That is That

by Jason Rolfe


Daniil Kharms was a Russian Absurdist who wrote at the onset of the Soviet era – as a result, much of his work could not be published. What I like about Kharms is that his work is a clear representation of absurdity. If it is difficult to find the point in Kharms’ work that’s because, well, pointlessness was his point! Kharms saw the philosophically absurd in the world around him, and captured that same sense of universal pointlessness in his work. Kharms’ writing has often been compared to earlier forms of literary nonsense – from Swift to Lear and Carroll – along with later 20th century writers such as Flann O’Brien (in particular The Third Policeman). Kharms was unique in both content and style. He lived the way he wrote and remains one of the most fascinating figures of 20th century literature. His work has inspired my own, including a series of Daniil Ivanovich Yuvachev stories, but “That is That” is the closest I feel I’ve come to capturing the essence of Kharms’ absurdism. It might seem a bit unusual, but it is meant as a sincere tribute to a writer I truly admire.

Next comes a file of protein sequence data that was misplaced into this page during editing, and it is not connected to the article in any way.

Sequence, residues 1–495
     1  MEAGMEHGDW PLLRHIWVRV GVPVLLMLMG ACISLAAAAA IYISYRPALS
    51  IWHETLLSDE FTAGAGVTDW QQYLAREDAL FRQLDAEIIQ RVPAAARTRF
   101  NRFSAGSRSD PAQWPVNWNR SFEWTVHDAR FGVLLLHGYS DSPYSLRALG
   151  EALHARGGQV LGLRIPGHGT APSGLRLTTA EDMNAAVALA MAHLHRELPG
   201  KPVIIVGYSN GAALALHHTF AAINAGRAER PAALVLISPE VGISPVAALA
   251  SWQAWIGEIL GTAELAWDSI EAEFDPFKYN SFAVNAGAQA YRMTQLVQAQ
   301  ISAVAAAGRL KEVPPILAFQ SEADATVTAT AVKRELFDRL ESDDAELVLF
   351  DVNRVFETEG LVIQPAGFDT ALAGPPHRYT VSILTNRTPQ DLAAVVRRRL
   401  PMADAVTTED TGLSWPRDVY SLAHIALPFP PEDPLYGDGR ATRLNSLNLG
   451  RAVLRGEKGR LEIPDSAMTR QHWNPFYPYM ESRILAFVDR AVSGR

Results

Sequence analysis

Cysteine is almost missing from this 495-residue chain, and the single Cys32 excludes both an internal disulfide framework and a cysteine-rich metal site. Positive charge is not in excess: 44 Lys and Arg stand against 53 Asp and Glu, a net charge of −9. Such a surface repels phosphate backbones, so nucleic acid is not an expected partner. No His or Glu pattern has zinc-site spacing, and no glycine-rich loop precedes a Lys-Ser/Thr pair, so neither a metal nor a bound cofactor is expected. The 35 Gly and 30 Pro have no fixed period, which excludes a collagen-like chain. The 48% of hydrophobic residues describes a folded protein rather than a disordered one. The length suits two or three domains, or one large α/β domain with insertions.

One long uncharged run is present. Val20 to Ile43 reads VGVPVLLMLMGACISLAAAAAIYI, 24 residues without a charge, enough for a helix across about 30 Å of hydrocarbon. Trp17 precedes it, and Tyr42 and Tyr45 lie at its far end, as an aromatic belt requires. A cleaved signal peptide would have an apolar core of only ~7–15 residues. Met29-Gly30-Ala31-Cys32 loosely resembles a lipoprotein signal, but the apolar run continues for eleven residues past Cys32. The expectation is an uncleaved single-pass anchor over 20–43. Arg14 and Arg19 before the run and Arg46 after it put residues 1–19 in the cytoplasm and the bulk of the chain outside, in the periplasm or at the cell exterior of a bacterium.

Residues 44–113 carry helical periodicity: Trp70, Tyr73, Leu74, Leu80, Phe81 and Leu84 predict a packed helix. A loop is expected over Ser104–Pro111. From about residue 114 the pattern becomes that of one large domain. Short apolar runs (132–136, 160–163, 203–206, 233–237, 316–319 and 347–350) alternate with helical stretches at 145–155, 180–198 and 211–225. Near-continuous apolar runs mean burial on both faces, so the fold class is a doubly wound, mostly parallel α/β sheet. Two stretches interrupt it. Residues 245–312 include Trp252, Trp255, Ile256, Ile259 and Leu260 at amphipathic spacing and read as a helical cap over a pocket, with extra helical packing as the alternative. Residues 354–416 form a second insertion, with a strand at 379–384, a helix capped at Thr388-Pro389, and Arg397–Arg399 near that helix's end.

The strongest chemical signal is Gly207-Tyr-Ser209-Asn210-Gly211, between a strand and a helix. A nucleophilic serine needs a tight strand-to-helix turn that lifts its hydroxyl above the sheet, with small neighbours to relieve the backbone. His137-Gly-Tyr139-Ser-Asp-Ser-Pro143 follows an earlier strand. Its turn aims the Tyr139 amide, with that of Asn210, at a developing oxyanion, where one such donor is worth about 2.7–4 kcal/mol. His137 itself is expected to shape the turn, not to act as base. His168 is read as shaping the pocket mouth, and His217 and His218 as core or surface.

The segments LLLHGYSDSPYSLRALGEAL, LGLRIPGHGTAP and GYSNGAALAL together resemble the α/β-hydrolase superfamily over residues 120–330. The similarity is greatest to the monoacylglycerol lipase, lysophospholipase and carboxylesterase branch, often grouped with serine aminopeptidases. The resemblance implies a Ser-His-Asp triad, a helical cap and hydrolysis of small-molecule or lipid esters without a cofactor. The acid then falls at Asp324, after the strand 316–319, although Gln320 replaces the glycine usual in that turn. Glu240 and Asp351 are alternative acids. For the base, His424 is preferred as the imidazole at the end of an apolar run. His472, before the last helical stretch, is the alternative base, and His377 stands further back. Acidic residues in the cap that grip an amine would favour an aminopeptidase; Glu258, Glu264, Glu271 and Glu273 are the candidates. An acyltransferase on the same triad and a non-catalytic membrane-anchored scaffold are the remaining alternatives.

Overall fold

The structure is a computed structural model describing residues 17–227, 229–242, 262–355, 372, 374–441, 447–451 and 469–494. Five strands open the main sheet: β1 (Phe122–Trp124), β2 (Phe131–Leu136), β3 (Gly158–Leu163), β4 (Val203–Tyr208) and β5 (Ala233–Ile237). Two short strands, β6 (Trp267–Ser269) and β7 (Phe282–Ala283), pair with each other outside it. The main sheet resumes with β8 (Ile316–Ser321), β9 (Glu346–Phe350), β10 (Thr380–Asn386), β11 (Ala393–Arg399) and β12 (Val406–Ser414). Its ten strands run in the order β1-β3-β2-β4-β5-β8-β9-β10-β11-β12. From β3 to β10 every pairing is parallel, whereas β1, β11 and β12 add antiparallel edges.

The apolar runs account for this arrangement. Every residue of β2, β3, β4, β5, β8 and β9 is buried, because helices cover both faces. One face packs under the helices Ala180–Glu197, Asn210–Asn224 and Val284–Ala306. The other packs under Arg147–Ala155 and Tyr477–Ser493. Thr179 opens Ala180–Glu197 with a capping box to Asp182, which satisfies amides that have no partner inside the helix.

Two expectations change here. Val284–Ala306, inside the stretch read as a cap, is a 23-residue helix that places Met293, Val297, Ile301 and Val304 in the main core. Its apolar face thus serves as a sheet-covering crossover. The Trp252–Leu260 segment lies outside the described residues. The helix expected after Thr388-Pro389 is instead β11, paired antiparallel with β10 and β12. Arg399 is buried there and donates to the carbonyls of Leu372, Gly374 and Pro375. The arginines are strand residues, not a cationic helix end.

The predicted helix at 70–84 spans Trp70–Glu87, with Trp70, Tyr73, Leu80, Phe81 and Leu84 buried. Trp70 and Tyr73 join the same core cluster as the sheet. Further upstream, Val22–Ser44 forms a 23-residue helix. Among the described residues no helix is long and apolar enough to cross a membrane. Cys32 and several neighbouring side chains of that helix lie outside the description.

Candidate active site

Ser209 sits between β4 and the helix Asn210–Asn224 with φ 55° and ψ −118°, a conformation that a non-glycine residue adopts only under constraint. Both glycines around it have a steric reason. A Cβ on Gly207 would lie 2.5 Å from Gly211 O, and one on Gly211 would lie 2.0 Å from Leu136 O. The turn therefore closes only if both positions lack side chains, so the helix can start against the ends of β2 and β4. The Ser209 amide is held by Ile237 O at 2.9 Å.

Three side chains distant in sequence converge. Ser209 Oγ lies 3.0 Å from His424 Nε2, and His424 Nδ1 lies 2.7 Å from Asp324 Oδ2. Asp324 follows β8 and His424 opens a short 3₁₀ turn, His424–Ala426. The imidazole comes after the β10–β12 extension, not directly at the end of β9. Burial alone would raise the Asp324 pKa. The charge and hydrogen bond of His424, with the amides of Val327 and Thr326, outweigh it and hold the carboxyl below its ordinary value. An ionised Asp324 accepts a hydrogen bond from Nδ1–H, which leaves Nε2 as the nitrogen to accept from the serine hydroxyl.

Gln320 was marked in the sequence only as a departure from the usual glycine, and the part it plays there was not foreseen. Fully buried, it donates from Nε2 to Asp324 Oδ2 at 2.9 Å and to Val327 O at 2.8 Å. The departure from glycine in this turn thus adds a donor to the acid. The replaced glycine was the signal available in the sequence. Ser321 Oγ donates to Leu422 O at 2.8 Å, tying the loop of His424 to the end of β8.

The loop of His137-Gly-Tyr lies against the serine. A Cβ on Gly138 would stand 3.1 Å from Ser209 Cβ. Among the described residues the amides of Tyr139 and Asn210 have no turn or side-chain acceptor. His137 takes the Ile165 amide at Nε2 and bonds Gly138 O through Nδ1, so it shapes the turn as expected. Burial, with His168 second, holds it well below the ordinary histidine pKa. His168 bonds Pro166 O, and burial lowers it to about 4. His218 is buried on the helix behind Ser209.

You can read it here.